Media release from the Australian Department of Foreign Affairs and Trade
Data from nuclear test-ban monitoring stations in the Pacific region
will be handled through a Sydney-based communications hub under a contract
Cable & Wireless Optus has signed a seven-year contract to operate one of
five communications hubs around the world handling data from monitoring stations
supporting the Comprehensive Nuclear Test-Ban Treaty (CTBT).
The Pacific region hub will service more than 60 of the 321 monitoring
stations being established worldwide to verify CTBT compliance. Currently,
12 monitoring stations are operating in the Pacific region, mainly in Australia
and New Zealand.
The new hub will be an important link in the Global Communications
Infrastructure (GCI) being established by the Preparatory Commission for the
Comprehensive Nuclear Test-Ban Treaty Organization and UK-based HOT
Telecommunications. Stations monitoring underground and underwater
environments and the atmosphere for evidence of nuclear testing transmit their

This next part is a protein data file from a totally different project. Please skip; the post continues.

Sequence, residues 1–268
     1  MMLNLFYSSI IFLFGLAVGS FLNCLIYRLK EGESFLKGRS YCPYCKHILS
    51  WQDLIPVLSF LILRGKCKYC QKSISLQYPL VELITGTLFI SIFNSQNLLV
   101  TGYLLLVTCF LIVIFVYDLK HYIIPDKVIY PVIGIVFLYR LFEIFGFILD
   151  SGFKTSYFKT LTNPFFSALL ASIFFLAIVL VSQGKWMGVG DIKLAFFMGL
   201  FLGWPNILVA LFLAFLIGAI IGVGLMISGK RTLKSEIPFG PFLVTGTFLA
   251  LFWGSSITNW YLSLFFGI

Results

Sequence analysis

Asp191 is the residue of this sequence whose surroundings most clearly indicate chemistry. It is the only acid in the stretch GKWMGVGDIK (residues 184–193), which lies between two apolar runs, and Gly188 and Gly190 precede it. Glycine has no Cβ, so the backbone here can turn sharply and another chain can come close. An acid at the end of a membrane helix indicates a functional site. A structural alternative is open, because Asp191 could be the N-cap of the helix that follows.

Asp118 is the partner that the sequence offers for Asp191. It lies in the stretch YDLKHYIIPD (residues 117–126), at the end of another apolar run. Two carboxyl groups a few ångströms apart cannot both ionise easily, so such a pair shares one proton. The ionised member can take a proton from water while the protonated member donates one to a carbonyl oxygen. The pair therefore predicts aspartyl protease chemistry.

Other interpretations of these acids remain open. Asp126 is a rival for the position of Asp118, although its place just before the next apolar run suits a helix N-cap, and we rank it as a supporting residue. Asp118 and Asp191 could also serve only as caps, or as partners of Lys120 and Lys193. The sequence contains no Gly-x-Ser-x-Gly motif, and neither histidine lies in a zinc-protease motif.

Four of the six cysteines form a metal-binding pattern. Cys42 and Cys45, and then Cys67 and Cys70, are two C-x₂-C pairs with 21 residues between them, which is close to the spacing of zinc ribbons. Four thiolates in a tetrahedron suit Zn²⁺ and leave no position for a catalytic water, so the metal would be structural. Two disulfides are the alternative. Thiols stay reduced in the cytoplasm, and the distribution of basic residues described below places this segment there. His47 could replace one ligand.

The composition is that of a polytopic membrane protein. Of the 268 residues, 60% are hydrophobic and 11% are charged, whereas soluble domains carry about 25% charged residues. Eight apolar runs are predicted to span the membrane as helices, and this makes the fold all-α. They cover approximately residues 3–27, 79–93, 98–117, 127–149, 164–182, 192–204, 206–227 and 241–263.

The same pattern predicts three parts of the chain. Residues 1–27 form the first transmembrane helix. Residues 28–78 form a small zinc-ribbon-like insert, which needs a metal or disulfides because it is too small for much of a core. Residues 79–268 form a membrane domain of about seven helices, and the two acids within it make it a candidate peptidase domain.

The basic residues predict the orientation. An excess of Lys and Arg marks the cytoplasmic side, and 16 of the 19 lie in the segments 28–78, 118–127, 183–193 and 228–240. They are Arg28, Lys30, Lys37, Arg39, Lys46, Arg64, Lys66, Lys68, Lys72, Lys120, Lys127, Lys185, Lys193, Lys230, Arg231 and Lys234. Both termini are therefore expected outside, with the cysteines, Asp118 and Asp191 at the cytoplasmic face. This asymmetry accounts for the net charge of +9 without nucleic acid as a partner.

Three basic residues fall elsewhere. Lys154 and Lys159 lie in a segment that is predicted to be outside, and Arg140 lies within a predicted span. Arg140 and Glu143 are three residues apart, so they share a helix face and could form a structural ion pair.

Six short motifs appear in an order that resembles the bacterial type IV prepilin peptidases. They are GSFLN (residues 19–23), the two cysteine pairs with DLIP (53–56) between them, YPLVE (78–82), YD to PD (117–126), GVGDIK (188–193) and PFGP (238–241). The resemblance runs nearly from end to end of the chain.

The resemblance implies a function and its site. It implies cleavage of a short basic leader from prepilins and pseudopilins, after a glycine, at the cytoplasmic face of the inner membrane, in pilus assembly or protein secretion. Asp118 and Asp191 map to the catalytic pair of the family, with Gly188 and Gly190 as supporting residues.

data via the GCI to a data centre in Vienna. Data and analysis products
are carried also by the GCI from Vienna to CTBT member states.
The Pacific hub will eventually handle information from stations as far
afield as Attu Island in Alaska, the Galapagos Islands, Macquarie Island and
Jawa Barat in Indonesia.
The communication hub's location further underlines Australia's commitment to
the CTBT. Australia made a strong contribution to negotiation of the
treaty. When its adoption was blocked in the Conference on Disarmament in
1996, Australia initiated action to take it to the UN General Assembly in New
York where it was adopted by an overwhelming majority of countries.
Our priority now is to see the treaty enter into force. The Minister
for Foreign Affairs Alexander Downer plans to lead the Australian delegation to
the second CTBT Article XIV Conference in New York in September to promote entry
into force. Australia is making diplomatic representations in the lead-up
to the Conference urging signature and ratification of the treaty.
During the recent visit to Australia by US envoy James Kelly, Mr Downer again
called on the United States to ratify the CTBT.
Further inquiries: Malcolm
Coxhead (ASNO) 02 6261 1913